Ollendorff’s Method: The Plagiary of Manesca?

Old Letter With Handwritten French Text

Although Jean Manesca only published his landmark language instruction manual in 1835, by the 1820s his carefully devised system had already been crystallized into a definite form, and students who assiduously frequented his courses found that by the end of their studies their notes had become a complete record of the Manesca method of learning French.

The story goes that one Mr. Albert Brisbane, Esq., who in 1825 studied French with Manesca in New York, subsequently went to Paris and during his sojourn began to study German with a certain Mr. Heinrich Ollendorff, using, upon agreement with the teacher, the notes from his French course as a guideline for the new German adventure. “Mr. Brisbane states that during his studies with Mr. O., the latter repeatedly borrowed his French Course, and, as he at that time supposed, to prepare himself for the ensuing lessons. A few years later, in 1835, Mr. Ollendorff published his book, which, with some unimportant alterations, is merely a copy of the French Course of Mr. Brisbane: the character of the exercises, the method of communicating the lessons, &c. are changed.”

The author of this indictment of plagiarism is Louis Manesca, son of Jean, who in 1870 published “The Serial and Oral of Teaching Languages; Adapted to the French” (free e-book), an attempt to restore Manesca’s method to its rightful position in a “market flooded by … imperfect productions.” According to Louis Manesca, the imitators were “not only appropriating to themselves the fruits of my father’s labors, but in addition, they are mutilating and spoiling his beautiful and philosophical method; it is destined to be ruined in their hands, if good works are not prepared to take their place.”

Despite Louis Manesca’s efforts to restore his father’s fame, the reputation of “Ollendorff’s method” grew throughout the 19th century and was applied not only to German, but to French, Italian, Spanish, Latin, Greek, and Arabic as well, both by Ollendorff himself and by others who directly acknowledged their intellectual debt to him. In the long run Ollendorff became part of popular culture – in the 1890 short story “Griffiths the Safe Man,” Rudyard Kipling wrote: “‘Where is the other gentleman?’ said the policeman, syllable by syllable, in the Ollendorffian style.”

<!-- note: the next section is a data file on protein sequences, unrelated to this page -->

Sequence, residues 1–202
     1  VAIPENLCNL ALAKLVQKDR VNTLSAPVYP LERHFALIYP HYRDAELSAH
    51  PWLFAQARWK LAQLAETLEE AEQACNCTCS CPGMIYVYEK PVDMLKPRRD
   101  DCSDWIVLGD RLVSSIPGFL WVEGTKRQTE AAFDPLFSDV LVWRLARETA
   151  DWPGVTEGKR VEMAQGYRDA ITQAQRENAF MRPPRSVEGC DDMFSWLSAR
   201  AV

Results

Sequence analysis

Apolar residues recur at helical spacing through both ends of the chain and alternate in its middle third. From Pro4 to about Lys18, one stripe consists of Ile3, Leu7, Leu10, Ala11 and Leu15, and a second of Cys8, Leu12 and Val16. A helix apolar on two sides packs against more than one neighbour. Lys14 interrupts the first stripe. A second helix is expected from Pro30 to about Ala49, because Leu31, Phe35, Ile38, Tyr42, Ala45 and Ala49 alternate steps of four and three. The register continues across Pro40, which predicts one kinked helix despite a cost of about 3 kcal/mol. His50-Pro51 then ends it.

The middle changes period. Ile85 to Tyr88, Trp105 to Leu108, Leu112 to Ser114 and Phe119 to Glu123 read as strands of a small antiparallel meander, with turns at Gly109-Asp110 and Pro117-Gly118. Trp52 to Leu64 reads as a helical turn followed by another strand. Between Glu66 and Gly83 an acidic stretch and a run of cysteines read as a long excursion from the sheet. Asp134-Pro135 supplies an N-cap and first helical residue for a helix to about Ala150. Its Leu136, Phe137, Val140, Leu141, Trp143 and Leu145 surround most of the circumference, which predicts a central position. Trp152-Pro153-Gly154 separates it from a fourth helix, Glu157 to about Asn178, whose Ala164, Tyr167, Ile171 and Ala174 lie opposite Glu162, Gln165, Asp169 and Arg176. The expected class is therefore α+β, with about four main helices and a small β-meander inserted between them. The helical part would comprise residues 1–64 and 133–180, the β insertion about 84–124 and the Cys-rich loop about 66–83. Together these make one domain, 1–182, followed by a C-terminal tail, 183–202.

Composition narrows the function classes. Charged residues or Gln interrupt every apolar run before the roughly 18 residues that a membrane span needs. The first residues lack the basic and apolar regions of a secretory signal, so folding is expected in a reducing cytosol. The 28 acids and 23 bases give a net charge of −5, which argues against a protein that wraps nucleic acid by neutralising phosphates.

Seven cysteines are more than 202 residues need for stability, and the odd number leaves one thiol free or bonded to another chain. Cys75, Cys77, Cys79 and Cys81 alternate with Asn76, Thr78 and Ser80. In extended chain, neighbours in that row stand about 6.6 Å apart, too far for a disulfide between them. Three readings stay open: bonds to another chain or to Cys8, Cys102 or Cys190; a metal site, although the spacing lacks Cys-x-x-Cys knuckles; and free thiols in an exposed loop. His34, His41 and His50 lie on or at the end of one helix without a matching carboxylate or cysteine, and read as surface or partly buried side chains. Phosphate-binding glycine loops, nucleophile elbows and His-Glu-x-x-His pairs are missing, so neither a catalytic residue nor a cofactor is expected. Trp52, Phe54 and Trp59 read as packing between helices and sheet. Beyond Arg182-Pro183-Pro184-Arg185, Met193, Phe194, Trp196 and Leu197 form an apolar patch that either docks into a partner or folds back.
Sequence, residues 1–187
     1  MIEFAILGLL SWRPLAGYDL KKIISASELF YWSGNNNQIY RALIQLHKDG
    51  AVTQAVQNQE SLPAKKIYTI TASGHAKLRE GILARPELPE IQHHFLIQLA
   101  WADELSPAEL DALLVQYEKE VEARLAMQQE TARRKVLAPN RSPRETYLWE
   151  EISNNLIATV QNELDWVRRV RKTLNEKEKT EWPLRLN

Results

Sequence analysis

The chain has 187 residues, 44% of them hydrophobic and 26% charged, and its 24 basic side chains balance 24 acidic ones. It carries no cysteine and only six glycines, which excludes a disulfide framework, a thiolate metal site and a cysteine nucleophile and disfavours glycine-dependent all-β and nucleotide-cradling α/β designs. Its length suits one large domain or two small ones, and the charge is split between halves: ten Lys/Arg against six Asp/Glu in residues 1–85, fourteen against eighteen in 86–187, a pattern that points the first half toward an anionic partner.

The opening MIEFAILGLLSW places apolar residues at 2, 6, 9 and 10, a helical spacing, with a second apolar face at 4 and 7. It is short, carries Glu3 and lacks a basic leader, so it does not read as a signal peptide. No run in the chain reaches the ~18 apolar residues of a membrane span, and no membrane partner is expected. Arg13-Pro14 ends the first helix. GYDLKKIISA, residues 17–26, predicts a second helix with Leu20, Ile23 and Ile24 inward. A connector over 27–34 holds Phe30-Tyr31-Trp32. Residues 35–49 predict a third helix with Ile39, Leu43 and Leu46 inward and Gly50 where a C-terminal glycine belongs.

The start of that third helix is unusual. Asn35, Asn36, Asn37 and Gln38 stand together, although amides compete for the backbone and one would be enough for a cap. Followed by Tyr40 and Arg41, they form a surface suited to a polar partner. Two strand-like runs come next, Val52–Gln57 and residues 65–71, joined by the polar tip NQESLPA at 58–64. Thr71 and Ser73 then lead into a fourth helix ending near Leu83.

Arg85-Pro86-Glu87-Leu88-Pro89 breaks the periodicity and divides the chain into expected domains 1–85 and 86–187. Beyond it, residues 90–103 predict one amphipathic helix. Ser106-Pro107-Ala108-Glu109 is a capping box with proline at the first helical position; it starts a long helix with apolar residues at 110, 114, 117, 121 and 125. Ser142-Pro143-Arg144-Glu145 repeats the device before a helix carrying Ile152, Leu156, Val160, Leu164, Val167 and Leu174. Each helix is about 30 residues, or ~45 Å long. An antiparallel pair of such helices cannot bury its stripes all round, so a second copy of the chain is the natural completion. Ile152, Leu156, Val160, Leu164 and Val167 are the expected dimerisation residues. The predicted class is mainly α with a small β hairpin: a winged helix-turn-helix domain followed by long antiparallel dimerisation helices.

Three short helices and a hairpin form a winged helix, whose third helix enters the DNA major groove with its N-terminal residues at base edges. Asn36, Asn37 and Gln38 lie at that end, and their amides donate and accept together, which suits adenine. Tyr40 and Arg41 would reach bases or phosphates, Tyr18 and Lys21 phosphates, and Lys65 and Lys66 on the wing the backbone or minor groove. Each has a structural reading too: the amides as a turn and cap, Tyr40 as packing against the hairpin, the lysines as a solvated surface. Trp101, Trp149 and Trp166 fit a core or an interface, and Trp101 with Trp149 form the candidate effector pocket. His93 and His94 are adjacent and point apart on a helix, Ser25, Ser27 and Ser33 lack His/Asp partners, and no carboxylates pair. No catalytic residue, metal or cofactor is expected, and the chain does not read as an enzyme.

Brisbane – who would greatly profit from his time in France and go on to achieve fame as a utopian socialist heavily indebted to the French philosopher Charles Fourier – further elucidates the details of the fateful meeting between him and his German teacher in his biography:

“I told this gentleman that I had a method for teaching languages which I wished to follow; that I would like him to make a trial of four lessons, after which he could consider whether or not it pleased him to continue according to my system. We began: I writing in French the words I wanted and he giving me the German. When this was done, I directed him how to ask me questions, which I replied to. Thus I began training Mr. Ollendorff in Manesca’s method. It was of course very natural that he should want to offer suggestions of his own, but as I insisted on no deviation from the plan we had set out on, at the end of the fourth lesson he accepted my offer to suspend study for a few days to consider what he should do. At the expiration of the allotted time he came back decided to continue. I pursued German with Mr. Ollendorff until I had run through the hundred and twenty lessons written down under Manesca’s dictation and had obtained a very fair knowledge of the language. As my teacher would often borrow my exercise-book to prepare his lessons in advance, it is perhaps but fair for me to mention here that it was those lessons which were the origin of the work printed later called “Ollendorff’s Method.” It is a copy – almost verbatim – of my manuscript up to the twentieth or thirtieth lesson, when certain innovations are introduced. But Ollendorff’s method as it was first known is an imperfect imitation of Manesca’s.”

Especially upon reading the rest of Brisbane’s biography, in which he lauds Manesca’s qualities as a teacher and the efficacy of his method, and in which we see the end results of the method – and that is that Brisbane’s time in France paved the way to his future success as an author and intellectual – it seems unfortunate for us that posterity has handed the victory to Ollendorff over Manesca.


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